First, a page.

An Oklahoma judge approved a revised $85 million (£66.7 million) settlement with Teva Pharmaceutical Industries Ltd. resolving claims by the state’s attorney general that the drugmaker helped fuel the U.S. opioid epidemic.
Insys Therapeutics Inc. agreed to pay $225 million and an operating unit will plead guilty to fraud to settle probes into their payment of kickbacks to induce doctors to prescribe highly addictive opioids, the U.S. Department of Justice said.
Teva Pharmaceutical agreed to pay an $85 million settlement with the state of Oklahoma days before the company was set to face trial over allegations that the world’s largest generic manufacturer and other drugmakers helped fuel the U.S. opioid epidemic.
Oklahoma Attorney General Mike Hunter’s $17 billion lawsuit is the first to go to trial of more than 2,000 actions by state and local governments accusing opioid manufacturers of contributing to an epidemic linked to a record 47,600 overdose deaths in 2017, according to the U.S. Centers for Disease Control and Prevention.
Five U.S. states filed lawsuits accusing Purdue Pharma LP of illegally marketing and selling opioids, including OxyContin.
Opioid use has reached crisis proportions not only in the United States but also in Canada and some European countries, as prescription opioid painkillers have become much more common, the OECD club of wealthy nations said.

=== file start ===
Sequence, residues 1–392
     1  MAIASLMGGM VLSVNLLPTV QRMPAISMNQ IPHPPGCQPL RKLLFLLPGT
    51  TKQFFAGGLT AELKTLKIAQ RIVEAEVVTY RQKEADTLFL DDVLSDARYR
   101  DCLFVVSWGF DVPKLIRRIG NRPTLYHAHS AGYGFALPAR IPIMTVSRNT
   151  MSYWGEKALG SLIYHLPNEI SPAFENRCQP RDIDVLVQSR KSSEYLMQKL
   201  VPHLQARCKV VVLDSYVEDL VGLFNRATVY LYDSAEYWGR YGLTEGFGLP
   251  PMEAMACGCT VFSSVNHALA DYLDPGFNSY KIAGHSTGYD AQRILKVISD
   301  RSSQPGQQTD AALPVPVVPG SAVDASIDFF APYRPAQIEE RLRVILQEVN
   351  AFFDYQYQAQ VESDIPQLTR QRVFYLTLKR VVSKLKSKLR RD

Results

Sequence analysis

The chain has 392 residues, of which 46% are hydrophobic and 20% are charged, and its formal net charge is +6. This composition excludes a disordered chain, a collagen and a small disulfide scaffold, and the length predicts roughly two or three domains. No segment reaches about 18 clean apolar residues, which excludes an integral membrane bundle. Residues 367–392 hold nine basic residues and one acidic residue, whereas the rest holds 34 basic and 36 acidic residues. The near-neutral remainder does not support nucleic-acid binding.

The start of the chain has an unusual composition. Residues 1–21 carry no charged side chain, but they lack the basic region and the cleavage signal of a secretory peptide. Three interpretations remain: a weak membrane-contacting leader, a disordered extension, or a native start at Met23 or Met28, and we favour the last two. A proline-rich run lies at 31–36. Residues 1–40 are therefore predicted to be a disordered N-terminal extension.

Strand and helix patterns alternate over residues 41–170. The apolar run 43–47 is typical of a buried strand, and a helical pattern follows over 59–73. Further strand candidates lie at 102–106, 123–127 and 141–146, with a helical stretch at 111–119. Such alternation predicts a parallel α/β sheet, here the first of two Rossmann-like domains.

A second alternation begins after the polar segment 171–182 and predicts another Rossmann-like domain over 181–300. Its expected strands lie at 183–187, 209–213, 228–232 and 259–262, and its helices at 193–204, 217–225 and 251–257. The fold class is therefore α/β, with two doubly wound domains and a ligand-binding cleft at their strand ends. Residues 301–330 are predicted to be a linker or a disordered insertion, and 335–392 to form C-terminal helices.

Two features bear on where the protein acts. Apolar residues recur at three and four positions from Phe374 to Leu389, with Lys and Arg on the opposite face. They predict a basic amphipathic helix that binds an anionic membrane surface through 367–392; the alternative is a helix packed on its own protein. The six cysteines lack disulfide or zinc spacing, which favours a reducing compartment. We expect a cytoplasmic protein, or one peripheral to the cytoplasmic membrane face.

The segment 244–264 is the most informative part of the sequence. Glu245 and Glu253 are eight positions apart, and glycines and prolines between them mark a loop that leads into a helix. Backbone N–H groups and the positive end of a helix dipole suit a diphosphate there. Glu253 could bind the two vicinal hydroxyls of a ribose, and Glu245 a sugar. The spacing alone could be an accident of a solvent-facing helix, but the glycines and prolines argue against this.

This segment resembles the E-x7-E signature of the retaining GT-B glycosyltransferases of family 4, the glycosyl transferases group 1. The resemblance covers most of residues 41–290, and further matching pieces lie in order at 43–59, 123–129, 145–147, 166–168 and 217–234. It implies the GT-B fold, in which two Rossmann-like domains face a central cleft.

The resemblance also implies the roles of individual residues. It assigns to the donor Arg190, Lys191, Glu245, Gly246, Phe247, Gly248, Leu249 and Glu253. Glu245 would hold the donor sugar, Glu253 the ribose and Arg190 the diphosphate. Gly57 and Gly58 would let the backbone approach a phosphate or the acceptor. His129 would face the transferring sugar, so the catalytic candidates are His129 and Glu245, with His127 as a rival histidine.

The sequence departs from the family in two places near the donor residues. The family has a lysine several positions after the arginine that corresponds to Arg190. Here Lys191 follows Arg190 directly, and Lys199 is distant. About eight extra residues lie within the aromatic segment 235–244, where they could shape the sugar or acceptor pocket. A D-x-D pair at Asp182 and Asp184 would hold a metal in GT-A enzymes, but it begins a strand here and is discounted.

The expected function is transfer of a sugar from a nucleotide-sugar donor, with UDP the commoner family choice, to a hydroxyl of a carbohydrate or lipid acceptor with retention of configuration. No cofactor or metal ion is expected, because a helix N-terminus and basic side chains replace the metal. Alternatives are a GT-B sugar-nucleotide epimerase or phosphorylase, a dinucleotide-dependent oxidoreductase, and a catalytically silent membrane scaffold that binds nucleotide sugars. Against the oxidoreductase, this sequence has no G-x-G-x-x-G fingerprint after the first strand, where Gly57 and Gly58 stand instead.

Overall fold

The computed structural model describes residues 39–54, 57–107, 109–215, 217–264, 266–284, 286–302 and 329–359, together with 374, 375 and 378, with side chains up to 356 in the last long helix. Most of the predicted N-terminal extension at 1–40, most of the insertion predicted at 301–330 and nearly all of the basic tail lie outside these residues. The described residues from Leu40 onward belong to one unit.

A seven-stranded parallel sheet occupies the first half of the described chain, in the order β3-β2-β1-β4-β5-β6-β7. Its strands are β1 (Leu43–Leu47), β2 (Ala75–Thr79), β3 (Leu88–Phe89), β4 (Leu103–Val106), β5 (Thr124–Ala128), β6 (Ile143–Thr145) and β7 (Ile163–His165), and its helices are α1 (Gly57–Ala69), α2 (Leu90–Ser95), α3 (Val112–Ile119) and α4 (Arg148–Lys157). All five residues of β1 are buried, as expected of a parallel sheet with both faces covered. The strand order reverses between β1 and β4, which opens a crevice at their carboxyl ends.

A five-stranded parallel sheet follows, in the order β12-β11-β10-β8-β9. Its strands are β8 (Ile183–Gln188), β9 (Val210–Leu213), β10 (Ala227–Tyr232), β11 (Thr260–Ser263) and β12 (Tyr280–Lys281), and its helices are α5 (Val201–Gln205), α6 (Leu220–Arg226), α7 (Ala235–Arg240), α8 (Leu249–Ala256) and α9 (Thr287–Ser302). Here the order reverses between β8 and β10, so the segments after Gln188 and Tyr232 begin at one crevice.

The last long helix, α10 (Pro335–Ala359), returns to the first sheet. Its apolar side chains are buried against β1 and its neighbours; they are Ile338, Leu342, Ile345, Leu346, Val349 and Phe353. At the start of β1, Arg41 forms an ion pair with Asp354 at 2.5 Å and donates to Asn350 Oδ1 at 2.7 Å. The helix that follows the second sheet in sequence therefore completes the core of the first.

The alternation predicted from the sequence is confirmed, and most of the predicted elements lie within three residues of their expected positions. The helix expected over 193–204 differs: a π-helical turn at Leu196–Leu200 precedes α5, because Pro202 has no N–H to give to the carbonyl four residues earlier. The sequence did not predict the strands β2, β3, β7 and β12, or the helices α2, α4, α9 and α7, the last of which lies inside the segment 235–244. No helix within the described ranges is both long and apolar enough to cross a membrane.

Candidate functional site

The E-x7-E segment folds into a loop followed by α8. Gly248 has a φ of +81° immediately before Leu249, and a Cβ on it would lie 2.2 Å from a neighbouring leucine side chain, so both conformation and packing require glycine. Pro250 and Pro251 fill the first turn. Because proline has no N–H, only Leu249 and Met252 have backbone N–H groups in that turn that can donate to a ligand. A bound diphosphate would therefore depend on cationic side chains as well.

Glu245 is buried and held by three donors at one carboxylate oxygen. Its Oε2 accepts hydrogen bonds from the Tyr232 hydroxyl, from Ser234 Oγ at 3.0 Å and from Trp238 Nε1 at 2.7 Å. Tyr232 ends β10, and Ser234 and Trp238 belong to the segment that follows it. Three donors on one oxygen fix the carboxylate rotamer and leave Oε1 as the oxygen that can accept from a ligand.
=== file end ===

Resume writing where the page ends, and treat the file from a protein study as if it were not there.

Gilead Sciences Inc. announced that the company will donate Truvada for PrEP (emtricitabine 200 mg and tenofovir disoproxil fumarate 300 mg tablets) to the U.S. CDC.
The founder of Insys Therapeutics Inc. became the highest-ranking pharmaceutical executive to be convicted in a case tied to the U.S. opioid crisis, when he and four colleagues were found guilty of participating in a scheme to bribe doctors to prescribe an addictive painkiller.
Drug distributor McKesson Corp. agreed to pay $37 million to resolve a lawsuit by the state of West Virginia seeking to hold the company responsible for contributing to the opioid epidemic, the state’s attorney general said.
U.S. President Donald Trump touted progress in the fight against opioid abuse and promised to hold drugmakers accountable for their part in the crisis, a day after his administration brought its first related criminal charges against a major drug distributor and company executives.